The sellers, he recalled, were reluctant to give buyers significant discounts. While price reopener clauses were the keystones of such contracts, Vergerio said they were complex, vague and could be written in broad language. He joked that he had once seen 10 pages written on the significance of the word “significant”, and that sometimes experts might write thousands of pages on a single clause.

Still, he said disputes also focused on economics, algebra, sophisticated calculations and an understanding of the market. For the buyer, he said objectives included stopping heavy losses, in some cases to avoid bankruptcy; recovering a reasonable profit; and trying to revise the formula by moving away from oil indexation.

Negotiations and arbitrations, he said, can be quite difficult when a lot of money is at stake. At Edison, he said the approach was to prioritize the objectives of such matters. He said the company had had two cycles of price reviews since the market collapses in 2010 and 2012. The result, said Vergerio, was five arbitral awards and three commercial agreements.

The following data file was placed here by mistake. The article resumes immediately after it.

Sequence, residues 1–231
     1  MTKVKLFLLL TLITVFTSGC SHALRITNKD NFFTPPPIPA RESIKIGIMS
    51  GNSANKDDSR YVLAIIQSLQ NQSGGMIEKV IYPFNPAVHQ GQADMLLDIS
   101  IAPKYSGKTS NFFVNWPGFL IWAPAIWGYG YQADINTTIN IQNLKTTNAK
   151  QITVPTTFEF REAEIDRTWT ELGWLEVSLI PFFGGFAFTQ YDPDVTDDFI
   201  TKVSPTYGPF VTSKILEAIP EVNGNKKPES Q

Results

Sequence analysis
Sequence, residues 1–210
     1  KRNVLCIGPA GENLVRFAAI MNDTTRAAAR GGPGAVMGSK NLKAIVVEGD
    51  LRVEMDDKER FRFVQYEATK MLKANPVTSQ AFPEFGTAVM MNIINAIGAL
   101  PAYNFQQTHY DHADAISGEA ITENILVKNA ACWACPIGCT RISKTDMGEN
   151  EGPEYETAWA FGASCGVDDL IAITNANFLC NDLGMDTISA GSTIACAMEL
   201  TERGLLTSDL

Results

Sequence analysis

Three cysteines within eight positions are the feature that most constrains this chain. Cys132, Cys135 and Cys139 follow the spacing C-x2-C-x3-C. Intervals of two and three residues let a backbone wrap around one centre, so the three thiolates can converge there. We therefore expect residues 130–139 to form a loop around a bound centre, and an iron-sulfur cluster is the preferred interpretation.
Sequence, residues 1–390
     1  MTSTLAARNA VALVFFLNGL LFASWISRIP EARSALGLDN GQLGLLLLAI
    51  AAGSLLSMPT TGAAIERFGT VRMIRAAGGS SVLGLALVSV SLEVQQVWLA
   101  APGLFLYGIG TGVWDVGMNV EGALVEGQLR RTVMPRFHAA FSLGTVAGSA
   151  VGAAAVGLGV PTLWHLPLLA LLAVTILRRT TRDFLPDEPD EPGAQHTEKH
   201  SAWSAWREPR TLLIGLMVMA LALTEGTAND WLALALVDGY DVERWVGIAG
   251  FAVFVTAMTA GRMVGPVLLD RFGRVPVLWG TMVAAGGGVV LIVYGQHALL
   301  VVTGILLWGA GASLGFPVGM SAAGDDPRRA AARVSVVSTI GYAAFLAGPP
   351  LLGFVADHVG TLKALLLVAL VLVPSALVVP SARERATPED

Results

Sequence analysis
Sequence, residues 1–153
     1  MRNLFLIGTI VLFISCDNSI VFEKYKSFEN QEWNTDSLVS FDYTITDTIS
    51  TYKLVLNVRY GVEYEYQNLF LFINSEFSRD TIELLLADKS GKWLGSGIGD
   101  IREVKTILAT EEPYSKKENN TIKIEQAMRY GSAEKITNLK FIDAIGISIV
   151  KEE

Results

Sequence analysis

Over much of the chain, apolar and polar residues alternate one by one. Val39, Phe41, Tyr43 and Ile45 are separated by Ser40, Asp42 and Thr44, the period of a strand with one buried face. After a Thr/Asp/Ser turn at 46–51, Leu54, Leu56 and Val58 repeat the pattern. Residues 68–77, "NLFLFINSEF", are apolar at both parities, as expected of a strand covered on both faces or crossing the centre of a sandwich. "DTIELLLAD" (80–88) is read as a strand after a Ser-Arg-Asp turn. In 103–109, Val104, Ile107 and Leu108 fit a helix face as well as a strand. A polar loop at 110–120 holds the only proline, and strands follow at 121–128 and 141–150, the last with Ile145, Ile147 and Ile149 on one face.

Edison has been in disputes with several companies including Russian Gazprom, Italy's Eni, Qatar's Rasgas and Algeria's Sonatrach. Gazprom discloses the totals of its repayments in the relevant quarterly results without breaking them down by recipient. In its Q4 2015 report, for example, it says it repaid Rb12bn ($153mn) in retroactive gas price adjustments. 

Solutions to these disputes remain confidential but typically they will have two parts: severing the link to oil and replacing it with a link to gas; and compensation for perceived overpayments made.

Restoring the margin is key

“Our key objective in all this process, which lasted for 5 years, was to confirm the fundamental principle of these contracts and restore the margin,” he explained, adding that the arbitration had involved many players in several locations. One result was a reaffirmation that the long-term contracts had not been signed by the buyers to lose money, but being able to reimburse their marketing costs and have a net profit on top.